Could flossing every day help prevent depression? Does having anxiety increase the risk for developing gum disease?

The relationship between mental health and oral health is a cyclical one. More and more research is revealing that keeping a healthy mouth is an important part of keeping a healthy mind, and vice versa. People with mental health issues are less likely to take proper care of their oral health, and conversely, good oral health can enhance mental and overall well-being.

For Mental Health Awareness Month this May, take some time to remind your employees of the often-overlooked relationship between dental hygiene and mental health. You can use Delta Dental resources to help them understand that caring for their oral health is a central part of caring for their mental health.

The relationship between the mouth and the mind

Oral health and mental health are more closely linked than many people realize. Mental health issues can cause people to brush and floss at irregular intervals, skip dentist visits, maintain unhealthy diets and self-medicate with smoking or drug use, resulting in gum disease and tooth decay.

Some of the mental illnesses that can negatively impact oral health include:

  • Anxiety. Anxiety and dental phobia can stop people from seeing their dentist regularly, which can harm their oral health. In addition, medications prescribed for anxiety can cause dry mouth. Without saliva to rinse away food debris, plaque and bacteria, cavities can form more easily.
  • Depression. Depression is associated with higher abuse of alcohol, coffee and tobacco, all of which can cause tooth erosion and decay. Depression can also lead to self-neglect, which results in poor oral hygiene.
  • Eating disorders. Acids from vomiting make patients with eating disorders more susceptible to tooth decay.
  • Obsessive-compulsive disorder. The condition often causes over-brushing that may damage gums and cause dental abrasion, mucosal lacerations or gingival lacerations.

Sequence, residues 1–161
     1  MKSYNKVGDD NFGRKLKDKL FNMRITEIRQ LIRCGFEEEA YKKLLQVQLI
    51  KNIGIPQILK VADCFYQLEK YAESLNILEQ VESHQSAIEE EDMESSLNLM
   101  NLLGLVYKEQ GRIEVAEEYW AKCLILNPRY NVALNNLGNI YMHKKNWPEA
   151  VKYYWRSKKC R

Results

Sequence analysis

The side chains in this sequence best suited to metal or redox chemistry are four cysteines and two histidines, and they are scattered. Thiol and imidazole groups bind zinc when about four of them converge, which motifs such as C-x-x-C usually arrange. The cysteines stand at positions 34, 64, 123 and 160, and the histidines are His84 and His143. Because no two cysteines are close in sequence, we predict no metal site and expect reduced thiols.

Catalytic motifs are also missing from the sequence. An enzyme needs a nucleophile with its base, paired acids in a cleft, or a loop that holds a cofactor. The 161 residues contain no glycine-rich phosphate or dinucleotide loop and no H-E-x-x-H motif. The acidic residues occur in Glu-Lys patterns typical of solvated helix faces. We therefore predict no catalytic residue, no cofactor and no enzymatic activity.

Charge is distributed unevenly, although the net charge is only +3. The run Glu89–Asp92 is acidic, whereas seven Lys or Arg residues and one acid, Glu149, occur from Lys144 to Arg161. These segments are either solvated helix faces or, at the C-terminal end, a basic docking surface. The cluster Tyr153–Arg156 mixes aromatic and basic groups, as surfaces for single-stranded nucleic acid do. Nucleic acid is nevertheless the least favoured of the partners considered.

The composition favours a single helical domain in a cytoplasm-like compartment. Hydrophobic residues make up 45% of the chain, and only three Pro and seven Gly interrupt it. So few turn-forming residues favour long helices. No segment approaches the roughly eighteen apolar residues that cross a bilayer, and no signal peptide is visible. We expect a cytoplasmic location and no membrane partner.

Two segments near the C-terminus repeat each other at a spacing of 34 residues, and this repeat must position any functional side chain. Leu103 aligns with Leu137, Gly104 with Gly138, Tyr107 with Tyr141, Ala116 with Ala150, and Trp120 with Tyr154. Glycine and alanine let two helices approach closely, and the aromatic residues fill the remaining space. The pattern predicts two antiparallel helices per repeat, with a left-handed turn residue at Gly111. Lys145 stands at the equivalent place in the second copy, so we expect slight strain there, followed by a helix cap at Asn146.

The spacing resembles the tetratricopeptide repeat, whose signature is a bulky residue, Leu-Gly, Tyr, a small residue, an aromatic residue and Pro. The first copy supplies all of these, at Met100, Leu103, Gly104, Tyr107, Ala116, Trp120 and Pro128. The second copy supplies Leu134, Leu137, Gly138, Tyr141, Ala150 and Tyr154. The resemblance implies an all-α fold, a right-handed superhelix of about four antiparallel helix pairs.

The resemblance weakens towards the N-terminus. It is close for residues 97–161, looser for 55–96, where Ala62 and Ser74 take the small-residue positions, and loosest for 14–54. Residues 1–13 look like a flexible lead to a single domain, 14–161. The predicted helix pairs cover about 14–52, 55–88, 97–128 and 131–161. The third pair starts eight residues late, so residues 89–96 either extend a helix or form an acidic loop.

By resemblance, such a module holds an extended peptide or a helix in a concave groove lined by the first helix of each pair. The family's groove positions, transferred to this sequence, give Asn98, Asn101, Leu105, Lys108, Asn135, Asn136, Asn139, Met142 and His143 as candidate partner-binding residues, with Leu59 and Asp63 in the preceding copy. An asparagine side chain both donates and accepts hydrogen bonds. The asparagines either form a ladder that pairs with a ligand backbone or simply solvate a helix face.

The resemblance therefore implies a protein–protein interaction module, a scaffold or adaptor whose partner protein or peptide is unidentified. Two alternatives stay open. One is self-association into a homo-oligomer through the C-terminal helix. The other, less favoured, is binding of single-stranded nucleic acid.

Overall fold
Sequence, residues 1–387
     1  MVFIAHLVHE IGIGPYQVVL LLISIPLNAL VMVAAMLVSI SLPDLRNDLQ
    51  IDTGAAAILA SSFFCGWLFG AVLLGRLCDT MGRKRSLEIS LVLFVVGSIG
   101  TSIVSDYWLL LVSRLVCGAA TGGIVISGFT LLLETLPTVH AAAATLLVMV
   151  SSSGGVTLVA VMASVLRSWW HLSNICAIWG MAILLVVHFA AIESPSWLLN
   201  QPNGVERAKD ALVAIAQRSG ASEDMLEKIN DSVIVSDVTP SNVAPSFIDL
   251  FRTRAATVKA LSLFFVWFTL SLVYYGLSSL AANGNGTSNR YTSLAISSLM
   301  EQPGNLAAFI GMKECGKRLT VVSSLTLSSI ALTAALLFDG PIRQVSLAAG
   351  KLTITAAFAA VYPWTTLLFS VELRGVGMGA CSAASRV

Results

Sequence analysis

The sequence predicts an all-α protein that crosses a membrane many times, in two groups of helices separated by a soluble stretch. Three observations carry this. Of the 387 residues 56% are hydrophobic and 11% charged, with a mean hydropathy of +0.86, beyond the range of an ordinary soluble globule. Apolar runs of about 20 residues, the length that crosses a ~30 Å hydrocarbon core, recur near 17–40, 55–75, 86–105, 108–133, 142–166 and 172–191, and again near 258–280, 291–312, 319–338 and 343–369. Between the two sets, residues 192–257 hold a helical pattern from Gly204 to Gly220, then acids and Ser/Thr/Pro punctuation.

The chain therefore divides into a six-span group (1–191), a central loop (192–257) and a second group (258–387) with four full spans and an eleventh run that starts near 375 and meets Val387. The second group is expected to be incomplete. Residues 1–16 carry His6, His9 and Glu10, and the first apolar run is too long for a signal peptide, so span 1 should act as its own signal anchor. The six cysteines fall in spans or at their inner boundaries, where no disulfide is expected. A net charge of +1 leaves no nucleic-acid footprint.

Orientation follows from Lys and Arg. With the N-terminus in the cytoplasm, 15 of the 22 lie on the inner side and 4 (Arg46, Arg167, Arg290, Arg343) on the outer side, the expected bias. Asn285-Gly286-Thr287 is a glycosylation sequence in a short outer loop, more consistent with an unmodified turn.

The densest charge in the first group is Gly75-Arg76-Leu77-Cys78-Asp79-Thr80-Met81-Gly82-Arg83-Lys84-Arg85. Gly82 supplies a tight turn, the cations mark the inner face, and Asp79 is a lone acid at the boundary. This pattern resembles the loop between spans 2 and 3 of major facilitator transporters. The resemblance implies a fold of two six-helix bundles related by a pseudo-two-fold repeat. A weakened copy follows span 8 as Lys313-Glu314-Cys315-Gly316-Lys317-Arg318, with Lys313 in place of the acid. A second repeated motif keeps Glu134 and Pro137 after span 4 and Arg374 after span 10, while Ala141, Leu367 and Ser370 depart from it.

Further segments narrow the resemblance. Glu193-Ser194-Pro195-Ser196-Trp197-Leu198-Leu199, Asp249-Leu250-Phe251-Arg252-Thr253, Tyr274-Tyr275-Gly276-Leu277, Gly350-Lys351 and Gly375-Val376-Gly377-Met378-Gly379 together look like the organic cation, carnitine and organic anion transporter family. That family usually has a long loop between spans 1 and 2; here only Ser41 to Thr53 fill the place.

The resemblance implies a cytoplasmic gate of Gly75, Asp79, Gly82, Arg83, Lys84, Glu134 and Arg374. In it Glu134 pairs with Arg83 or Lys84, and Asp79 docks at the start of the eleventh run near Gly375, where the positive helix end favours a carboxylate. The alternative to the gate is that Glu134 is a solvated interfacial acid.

• Schizophrenia and psychosis. These serious mental health conditions can cause people to forego dental care, eat poorly and neglect oral hygiene. Side effects of antipsychotic and mood stabilizer drugs may include a higher susceptibility to oral bacterial infections.

Certain mental health conditions can exacerbate poor oral health, and the converse is often also true: Poor oral health can make mental health issues worse. Oral health problems can lead to more frequent pain experience, social isolation and low self-esteem, reducing quality of life and in turn diminishing mental well-being.

A recent study even showed a strong association between chronic gingivitis and subsequent depression. More research is needed to fully understand the connection, but it highlights that maintaining oral health is a crucial part of maintaining a healthy and happy life.

Helping your employees maintain their mental health and oral health

No matter what issues your employees are facing, it’s important to remind them to keep up with routine oral health care and dental visits. Encourage employees to maintain healthy habits like cutting back on sugar, reducing stress, eating a balanced diet and quitting smoking. Staying hydrated, exercising and maintaining a good social support system are also crucial to maintaining mental health through difficult times.

The following resources can help you remind employees to care for their oral health while maintaining their mental well-being. With Delta Dental resources, you can:

Mental health affects the health of the entire body, including oral health. It’s an important link that unfortunately, many people don’t understand. For Mental Health Awareness Month, remind your employees that there is no mental health without oral health.